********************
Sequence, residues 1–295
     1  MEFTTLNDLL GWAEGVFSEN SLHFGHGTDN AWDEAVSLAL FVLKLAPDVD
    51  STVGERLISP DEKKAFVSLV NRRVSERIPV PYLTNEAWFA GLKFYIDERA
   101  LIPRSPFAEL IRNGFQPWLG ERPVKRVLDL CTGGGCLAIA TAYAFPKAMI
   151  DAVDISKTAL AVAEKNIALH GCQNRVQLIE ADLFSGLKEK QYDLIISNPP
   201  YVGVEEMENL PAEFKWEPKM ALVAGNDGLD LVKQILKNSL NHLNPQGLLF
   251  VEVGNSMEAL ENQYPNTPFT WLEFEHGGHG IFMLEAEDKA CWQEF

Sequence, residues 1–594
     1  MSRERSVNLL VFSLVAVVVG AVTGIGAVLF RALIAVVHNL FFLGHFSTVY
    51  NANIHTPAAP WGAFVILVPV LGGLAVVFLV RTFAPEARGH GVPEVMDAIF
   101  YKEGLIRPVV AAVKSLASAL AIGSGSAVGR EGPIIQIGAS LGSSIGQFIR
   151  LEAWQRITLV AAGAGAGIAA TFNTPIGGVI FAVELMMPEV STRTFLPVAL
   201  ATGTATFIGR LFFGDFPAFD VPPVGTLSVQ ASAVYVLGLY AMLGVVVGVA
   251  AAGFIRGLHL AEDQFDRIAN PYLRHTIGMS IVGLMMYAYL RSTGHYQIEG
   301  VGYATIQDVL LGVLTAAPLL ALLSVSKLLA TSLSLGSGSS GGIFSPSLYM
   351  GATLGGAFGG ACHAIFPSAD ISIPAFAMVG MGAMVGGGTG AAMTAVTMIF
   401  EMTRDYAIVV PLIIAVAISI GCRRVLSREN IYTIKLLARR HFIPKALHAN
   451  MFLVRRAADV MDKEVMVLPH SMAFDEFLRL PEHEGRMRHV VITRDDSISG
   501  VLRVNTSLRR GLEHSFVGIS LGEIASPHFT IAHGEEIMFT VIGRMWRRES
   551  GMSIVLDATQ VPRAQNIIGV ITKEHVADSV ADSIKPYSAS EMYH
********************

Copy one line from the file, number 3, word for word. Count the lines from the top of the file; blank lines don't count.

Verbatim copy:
    51  STVGERLISP DEKKAFVSLV NRRVSERIPV PYLTNEAWFA GLKFYIDERA